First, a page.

I’ve been in Japan for about nine months now. I’ve had a birthday in Japan, experienced every season, been to awkward drinking parties with Japanese coworkers, and have probably eaten more onigiri and taiyaki than what’s considered normal. Before moving to Japan, I knew it would change me. I had no idea how it would change me, but I looked forward to wholeheartedly embracing a country and culture that is so different from my own, and welcomed any changes that came with it.
I came to Japan with absolutely no expectations, but I had hoped that being an English teacher would just be my ticket into the country. I had hoped that I’d eventually get a real job and be able to live here for a long time. I may have been wearing rose-colored glasses at the time.
I don’t know if I was just naïve, had an inflated sense of self-confidence and thought everything would be easy and work out perfectly, or if I had over-romanticized Japan so much in my head that I thought it would be perfect. Being in Japan has changed my views on myself, others, and our place in society.
The thing that people had warned me about most, or worried for me about most, is how my tattoos would be perceived in Japan. I was already aware of Japan’s long history of relating tattoos to organized crime groups (yakuza), but, and this is really bad of me, I didn’t give a shit. It really didn’t faze me at all. I knew I had to wear long-sleeved shirts for work, but that’s no different from any type of job I’d seek anywhere else. I didn’t give a shit to the point where I’d joke about joining the yakuza and coming home with one finger missing or that I’d be kidnapped because I’ve been mistaken for one. I know. Terrible. But, that all has changed.
I still think tattoos are sick and I’d still get more, but I have never been more conscious of the fact that I have tattoos, than I am now. I think it may be because I look Japanese and have a Japanese last name, so no one thinks I’m foreign.
When I first got here, I liked that everyone thought I was Japanese (from Japan). I liked how no one treated me differently and that I didn’t draw attention every time I left my apartment. It made the transition to living here very smooth because I never felt like an outsider.
Now, I wish everyone would treat me as a foreigner. I wish everyone would give me that foreigner leniency and say, “oh it’s okay, she’s foreign,” every time I do something out of culture for a Japanese person.
When everyone treats me as a Japanese person, I almost forget that I’m not. I’ve always been very aware of how others see me (whether that’s a good or bad thing is debatable), so knowing that every person around me probably thinks I’m Japanese, I oddly put pressure on myself to act Japanese and to be Japanese. And consequently, when someone figures out that I’m foreign, I almost feel ashamed. Isn’t that weird? I feel like I’m being a bad Japanese.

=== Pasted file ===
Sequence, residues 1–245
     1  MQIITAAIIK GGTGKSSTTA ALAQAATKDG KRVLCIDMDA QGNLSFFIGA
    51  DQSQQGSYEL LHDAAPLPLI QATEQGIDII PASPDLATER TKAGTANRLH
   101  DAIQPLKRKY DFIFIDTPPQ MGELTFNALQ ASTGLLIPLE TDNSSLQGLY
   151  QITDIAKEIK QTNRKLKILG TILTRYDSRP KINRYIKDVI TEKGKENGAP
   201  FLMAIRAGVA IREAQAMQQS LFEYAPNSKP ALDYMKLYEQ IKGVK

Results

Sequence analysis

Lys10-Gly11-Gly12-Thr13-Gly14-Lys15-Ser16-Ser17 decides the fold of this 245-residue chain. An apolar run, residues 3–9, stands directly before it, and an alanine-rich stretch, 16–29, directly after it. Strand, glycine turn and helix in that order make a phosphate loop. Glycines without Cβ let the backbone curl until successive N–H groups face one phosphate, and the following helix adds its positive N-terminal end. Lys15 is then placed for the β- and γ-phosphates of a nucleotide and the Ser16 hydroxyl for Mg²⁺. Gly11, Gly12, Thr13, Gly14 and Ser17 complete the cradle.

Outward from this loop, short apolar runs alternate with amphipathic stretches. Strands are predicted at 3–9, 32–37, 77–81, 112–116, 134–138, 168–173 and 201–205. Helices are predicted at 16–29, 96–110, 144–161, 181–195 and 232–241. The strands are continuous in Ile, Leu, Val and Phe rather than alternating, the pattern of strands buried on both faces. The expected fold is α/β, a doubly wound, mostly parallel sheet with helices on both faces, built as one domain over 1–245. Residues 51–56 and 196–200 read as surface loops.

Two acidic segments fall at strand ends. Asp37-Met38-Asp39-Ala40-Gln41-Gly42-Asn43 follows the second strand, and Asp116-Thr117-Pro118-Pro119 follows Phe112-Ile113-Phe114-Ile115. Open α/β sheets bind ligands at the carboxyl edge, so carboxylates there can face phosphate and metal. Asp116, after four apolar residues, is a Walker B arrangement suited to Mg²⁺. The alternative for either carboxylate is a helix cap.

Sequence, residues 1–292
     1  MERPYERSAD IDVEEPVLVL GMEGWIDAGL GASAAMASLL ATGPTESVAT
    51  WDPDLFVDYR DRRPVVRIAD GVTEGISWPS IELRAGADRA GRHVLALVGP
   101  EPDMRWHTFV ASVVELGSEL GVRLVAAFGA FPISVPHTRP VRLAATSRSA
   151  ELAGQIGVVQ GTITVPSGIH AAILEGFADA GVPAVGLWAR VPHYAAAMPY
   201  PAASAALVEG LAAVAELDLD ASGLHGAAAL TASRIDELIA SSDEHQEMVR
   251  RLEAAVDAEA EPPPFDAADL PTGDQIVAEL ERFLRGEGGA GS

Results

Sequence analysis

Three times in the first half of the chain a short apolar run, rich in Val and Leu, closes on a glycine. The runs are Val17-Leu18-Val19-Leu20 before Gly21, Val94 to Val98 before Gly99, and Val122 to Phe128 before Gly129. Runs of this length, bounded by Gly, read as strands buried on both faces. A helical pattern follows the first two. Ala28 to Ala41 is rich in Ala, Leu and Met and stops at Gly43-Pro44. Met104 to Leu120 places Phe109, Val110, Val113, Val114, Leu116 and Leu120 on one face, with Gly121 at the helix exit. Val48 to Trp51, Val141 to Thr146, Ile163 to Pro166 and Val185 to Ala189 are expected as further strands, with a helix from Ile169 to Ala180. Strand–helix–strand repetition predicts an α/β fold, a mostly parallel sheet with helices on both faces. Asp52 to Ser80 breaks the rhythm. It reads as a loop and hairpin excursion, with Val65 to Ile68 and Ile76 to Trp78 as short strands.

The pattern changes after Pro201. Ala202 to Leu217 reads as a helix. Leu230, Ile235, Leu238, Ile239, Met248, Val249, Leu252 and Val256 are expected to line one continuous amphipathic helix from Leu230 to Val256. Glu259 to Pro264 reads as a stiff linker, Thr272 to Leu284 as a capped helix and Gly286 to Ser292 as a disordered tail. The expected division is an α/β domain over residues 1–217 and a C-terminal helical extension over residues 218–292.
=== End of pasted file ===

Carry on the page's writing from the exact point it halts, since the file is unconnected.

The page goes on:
So, when people stare at me for my tattoos, I feel like I’m a bad Japanese, and it makes me want to hide them. I have never regretted getting my tattoos and I never will, but it sucks not being able to truly be myself for most of the hours in the day.
Being in Japan has made me subconsciously try to conform to the standards of a Japanese person, and I don’t like that. That statement, in itself, reveals a lot about Japanese society. Here, most people want to fit in, sticking out in a crowd is frowned upon. But, why? Why is it that most Japanese people are not comfortable in expressing themselves? And why is it actually encouraged for one not to express oneself? This is so deeply rooted in society that even though I’ve only been here for nine months, Japan already has me trying to conform to its ways.
But, one thing that I admire the hell out of about Japanese society is the work ethic that is instilled in almost every person. Sure, there are people who work solely for the money, but it seems to me that most people take pride in whatever work they do, regardless of the amount of money they’re making. You will never walk into a store and encounter a sales associate that seems like he/she hates his/her life, unlike how incredibly common of a situation that is in America.
Observing the work ethic of Japanese people has really made me realize that I am not entitled to anything, and neither is anyone else. Hard work is always eventually rewarded in some way. But, I’ve honestly never worked that hard at anything in my life, like Japanese people do, and I’ve still always been rewarded. That has made me ridiculously lazy. But, being here has made me realize that not everything is going to be easy. And it shouldn’t be. I’ll never learn anything if everything is always easy for me. I’ve just been lucky up until this point.
So overall, Japan has changed me into being overly self-aware. And I really don’t know how I feel about that. I’ve had moments when it’s so bad that if I’m with someone who does something embarrassing, I think to myself, “I wonder what every person around us thinks of me for being with him/her?” Yeah, it’s bad, especially in that sense. It’s borderline self-consciousness, and I hate it. However, I do like how Japan has made me really self-reflect a lot. Always being in a familiar place with familiar faces doesn’t encourage nearly as much self-reflection as being in a new place with new faces does. And it had made me really think about how I’ve lived in the past, how I’m living now, and what I can do to live the way I want to live, in the future.
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